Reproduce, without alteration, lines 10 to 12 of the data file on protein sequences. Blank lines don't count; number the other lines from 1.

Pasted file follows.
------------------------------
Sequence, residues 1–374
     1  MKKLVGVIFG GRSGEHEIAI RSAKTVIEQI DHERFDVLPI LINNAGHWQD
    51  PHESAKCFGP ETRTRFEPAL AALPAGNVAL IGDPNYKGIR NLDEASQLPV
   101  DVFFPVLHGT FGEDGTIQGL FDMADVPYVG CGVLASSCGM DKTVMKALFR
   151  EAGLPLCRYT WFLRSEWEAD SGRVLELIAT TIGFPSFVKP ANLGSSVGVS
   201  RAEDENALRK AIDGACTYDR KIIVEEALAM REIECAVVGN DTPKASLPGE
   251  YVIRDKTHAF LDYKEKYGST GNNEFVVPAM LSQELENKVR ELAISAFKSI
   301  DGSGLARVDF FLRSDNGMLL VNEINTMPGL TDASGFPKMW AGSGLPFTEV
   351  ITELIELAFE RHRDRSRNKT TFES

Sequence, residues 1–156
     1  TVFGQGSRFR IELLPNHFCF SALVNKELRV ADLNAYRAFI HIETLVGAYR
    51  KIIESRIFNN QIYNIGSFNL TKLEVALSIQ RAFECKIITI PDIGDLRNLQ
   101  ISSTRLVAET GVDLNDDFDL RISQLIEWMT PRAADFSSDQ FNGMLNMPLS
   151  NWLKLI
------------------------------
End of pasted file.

Sequence, residues 1–156
     1  TVFGQGSRFR IELLPNHFCF SALVNKELRV ADLNAYRAFI HIETLVGAYR
    51  KIIESRIFNN QIYNIGSFNL TKLEVALSIQ RAFECKIITI PDIGDLRNLQ